This post and my attendance at Better With Pets were sponsored by Purina. All opinions and statements are my own. The Tiniest Tiger only shares information that we think will be of interest to you.
Indoor cats live under our rules. We control what, when, where, and how our cats eat, eliminate and create the opportunities for species-typical activities. The relationship with our cats is two-fold. Our actions influence the behavior of our cats, which in turn influence our subsequent actions based on what we think about the cat’s behavior. This dyadic relationship can be compared to the parent-child relationship. The behavior of the parent definitely has an impact on the actions of the child and your behavior towards your cat definitely has an impact on the actions of your cat.
The fiercely independent feline is what many of us find endearing and yet sometimes this independence is mistaken for doesn’t need much. Many people still assume cats don’t need attention from their guardians or that they don’t need toys, interactive play time or environmental enrichment. Some people still think it is acceptable to leave cats at home alone with just a big bowl of kibble for days at a time.
Environmental Factors More Important Than Diet To Your Cat’s Well-Being
At the Better With Pets Summit, Dr. Tony Buffington participated in the panel Stress, Our Pets, and Us along with Ragen McGowen Purina Animal Behaviorist and Heather Lewis, Animal Arts Architect. The panel was moderated by Dr. Marty Becker. Dr. Buffington is a veterinarian from Ohio State University’s Indoor Cat Initiative and a leading expert of stress and the impact it has on cats.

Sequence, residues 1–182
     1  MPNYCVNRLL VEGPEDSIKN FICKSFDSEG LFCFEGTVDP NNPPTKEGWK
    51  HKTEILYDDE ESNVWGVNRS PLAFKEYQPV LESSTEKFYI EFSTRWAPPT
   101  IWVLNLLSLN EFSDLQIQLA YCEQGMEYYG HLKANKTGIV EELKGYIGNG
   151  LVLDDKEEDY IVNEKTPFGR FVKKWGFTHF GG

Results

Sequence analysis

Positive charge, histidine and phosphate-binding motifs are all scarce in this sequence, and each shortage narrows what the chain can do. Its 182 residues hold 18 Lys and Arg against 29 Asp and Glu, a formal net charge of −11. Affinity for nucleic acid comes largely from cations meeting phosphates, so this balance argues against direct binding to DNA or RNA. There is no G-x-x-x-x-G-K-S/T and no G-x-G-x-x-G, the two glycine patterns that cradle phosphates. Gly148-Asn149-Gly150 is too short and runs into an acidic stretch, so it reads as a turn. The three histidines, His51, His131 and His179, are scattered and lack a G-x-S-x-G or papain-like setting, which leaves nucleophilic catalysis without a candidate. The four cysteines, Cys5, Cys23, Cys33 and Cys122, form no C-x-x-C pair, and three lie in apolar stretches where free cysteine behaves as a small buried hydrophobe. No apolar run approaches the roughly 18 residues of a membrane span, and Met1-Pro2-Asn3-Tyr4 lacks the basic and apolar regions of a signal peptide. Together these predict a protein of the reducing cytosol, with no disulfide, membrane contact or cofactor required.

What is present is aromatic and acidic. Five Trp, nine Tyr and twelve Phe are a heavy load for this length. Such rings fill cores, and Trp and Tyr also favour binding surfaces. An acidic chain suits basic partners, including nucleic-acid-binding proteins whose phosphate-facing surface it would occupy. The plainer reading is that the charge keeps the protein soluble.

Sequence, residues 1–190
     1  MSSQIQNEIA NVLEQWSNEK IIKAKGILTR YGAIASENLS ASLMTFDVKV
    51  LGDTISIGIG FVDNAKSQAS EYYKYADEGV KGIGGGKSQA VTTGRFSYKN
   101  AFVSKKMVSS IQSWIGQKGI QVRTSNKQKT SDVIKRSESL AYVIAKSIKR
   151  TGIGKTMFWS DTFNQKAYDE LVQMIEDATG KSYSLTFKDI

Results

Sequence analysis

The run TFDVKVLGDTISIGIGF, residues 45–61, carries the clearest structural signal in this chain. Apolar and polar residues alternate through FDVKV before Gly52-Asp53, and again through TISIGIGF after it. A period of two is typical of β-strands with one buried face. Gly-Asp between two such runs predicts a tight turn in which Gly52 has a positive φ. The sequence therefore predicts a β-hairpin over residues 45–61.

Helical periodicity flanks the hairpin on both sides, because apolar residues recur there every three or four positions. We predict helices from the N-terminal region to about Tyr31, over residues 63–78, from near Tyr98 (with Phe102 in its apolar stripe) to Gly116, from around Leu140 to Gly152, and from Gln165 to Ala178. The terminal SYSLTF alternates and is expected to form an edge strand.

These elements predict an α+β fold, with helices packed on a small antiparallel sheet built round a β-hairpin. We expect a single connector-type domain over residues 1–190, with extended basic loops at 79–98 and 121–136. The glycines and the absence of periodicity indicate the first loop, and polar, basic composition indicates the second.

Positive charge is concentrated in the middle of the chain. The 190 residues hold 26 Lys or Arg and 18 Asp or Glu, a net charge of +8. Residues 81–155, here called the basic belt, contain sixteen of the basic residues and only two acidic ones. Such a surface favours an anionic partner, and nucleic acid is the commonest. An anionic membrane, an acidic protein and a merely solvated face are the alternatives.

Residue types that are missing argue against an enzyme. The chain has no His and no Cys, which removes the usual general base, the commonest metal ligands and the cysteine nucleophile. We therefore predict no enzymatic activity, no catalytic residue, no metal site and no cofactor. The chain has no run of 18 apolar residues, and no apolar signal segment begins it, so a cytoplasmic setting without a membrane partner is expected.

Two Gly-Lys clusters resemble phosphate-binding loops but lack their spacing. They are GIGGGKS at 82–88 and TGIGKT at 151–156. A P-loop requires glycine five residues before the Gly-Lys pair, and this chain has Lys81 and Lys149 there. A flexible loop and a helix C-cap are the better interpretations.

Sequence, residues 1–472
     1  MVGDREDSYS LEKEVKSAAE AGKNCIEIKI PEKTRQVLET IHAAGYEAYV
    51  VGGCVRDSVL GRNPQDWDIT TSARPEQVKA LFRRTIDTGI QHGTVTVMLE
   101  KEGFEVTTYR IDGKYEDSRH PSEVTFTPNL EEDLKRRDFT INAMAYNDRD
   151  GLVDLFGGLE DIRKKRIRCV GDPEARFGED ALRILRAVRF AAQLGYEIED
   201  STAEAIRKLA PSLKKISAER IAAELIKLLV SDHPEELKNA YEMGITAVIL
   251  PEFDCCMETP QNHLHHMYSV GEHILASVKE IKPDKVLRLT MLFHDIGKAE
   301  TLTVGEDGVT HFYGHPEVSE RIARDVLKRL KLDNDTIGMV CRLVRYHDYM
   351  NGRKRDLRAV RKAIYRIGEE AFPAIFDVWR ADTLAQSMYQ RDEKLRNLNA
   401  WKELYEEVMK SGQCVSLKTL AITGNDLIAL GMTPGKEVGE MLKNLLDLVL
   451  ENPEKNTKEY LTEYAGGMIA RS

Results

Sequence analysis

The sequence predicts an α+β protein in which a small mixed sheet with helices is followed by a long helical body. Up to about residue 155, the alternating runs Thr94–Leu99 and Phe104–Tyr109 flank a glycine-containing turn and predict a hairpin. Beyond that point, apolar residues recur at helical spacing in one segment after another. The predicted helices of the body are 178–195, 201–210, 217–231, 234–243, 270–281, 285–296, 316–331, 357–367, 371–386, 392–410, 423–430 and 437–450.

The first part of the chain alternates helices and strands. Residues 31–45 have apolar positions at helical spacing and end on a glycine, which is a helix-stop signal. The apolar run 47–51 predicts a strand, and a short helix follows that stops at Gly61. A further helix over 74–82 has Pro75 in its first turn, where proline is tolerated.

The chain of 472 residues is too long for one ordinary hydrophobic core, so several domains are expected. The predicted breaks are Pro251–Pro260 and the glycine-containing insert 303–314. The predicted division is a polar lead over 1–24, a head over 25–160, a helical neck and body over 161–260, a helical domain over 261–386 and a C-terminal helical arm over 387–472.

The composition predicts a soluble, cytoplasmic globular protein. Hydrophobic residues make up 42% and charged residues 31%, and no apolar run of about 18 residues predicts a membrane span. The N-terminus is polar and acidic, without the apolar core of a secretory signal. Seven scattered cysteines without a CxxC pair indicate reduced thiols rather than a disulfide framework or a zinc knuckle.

Dr. Buffington’s team gathered evidence that shows environmental factors could be as important if not more important than diet to your cat’s health and well-being. His study of cats with idiopathic cystitis found that environmental enrichment was associated with significant improvement in signs of lower urinary tract disease. This improvement in the cats’ health was independent of diet change. Current data shows that meeting the nutritional needs is necessary for maintaining the health of your cat but is not sufficient to guarantee their well-being.
Interior Design for Cats
Our cats spend more time in our homes that we do so shouldn’t we make sure their home environment is pleasing to them too. We furnish our living spaces to meet our needs, yet with a few easy modification, our homes can be cat-friendly too!
We need to think about our home space from our cat’s perspective. We love our cats and they bring so much joy and love into our lives. Let’s all try to keep them happier and healthier by considering their needs and how we can accommodate them with a few simple changes.
Heather Lewis told us that simply changing bars on cat cages at shelters from vertical to horizontal has a huge impact on the cat’s stress level. With the horizontal bars, the cat can view her surroundings with an uninterrupted view where with traditional vertical bars, the cat’s view is blocked causing stress. Our cats are both predator and prey so are always thinking about their own safety. Placing cat cages on the top row in a veterinary office and shelters will also reduce stress in a cat. Remember a cat likes to see but not be seen. The top row enables the cat to survey her surroundings yet feel protected.
During the afternoon at the Better With Pets Summit we participated in informal experiential learning through interactions with Purina experts. The Cat Room was a popular place to hang out and brush up on what makes for a healthy environment for our cats.
Not all stress is bad stress for cats, just like for us. Add a few puzzle feeders to your cat’s daily routine so he can work off some energy and be entertained. Provide one more litter pan than cat and placing the pans in strategic locations throughout the house. Add a few perches, some cave-style retreats, bird feeders outside a window and you are well on your way to keeping your cat happier and healthy.